Honestly, our happy shiny/everything’s fine/I’m okay you’re okay/skating on the surface/ first world existence is killing us and the planet. Everything is not okay, and our belief that if we’re not “happy” all the time, and doing everything “perfectly” according to society’s whims we’re doing something wrong, is sad, dangerous, and just plain incorrect.

Give yourself a break. Life is hard, and if you get that and you’re facing it head on, then you are doing it right. Bad stuff happens, good stuff happens, and your reaction to both is what has the potential to make your life meaningful, to yourself, other people, and to the planet.

Instead of trying so hard to avoid stumbling, and avoiding the dark places, the problem we should set our big brains on solving is how we can better help each other go in after the treasure, holding hands, and reassuring one another. No more distractions. No more shadows on the wall. Let’s get real. In this year of perfect vision, let’s take the blinders off, and gently, kindly, help each other find our way through in the dark.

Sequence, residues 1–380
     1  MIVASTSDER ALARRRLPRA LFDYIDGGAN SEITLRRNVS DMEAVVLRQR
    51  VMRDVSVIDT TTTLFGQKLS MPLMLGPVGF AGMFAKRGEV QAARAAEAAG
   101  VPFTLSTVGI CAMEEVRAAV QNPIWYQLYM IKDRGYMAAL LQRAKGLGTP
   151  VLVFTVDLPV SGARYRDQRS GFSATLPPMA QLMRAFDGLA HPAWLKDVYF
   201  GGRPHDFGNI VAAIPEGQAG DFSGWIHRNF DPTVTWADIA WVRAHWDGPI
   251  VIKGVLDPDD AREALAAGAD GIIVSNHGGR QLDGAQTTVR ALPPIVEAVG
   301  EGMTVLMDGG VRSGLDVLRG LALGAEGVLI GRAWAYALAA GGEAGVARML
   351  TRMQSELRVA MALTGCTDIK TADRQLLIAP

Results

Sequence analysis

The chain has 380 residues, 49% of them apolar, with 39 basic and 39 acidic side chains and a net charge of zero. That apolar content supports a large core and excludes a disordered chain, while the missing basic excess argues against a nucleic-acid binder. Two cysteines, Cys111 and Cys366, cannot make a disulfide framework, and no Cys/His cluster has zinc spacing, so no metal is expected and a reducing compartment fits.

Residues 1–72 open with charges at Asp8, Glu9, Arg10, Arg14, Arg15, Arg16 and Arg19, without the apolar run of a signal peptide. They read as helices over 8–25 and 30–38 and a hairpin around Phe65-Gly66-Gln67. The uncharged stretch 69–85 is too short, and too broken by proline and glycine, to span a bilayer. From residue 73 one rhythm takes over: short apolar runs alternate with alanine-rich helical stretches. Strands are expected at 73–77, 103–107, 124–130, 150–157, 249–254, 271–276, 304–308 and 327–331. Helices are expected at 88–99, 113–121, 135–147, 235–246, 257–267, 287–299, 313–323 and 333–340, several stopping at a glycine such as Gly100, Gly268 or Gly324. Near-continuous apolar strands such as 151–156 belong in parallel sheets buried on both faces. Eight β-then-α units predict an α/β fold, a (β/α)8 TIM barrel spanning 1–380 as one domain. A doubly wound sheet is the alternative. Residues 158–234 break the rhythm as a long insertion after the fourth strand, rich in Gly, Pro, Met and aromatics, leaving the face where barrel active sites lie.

If your life is going smoothly right now and you’re having a blast, good for you! Enjoy this time. Regroup and recharge.

If you’re stumbling, do the best you can to keep going. You’re not alone. It doesn’t seem that way if you spend a lot of time on Facebook or Instagram or watching TV, but that’s all fiction. Rarely is real life depicted there. Hang out in the dark for a while until you come out with the treasure. It’s there, and you’ll find it if you look for it, rather than trying to distract yourself from the pain. Be brave.

Feel the pain, but don’t dwell on it. Listen for what it’s trying to tell you and then let it go. Pain is inevitable. Suffering is optional.

You may need a guide to lead you through, or maybe just a helmet and some rope. Get what you need. Take care of yourself. Take sandwiches; you may be in there a while. Wear warm clothes. It’ll be scary, but don’t give into the fear. Find your way through, grab the treasure – the wisdom, the healing, the fundamental truth about yourself, and/or your life, the understanding, the ability to go on – and come back into the light.

We’re waiting for you with open arms.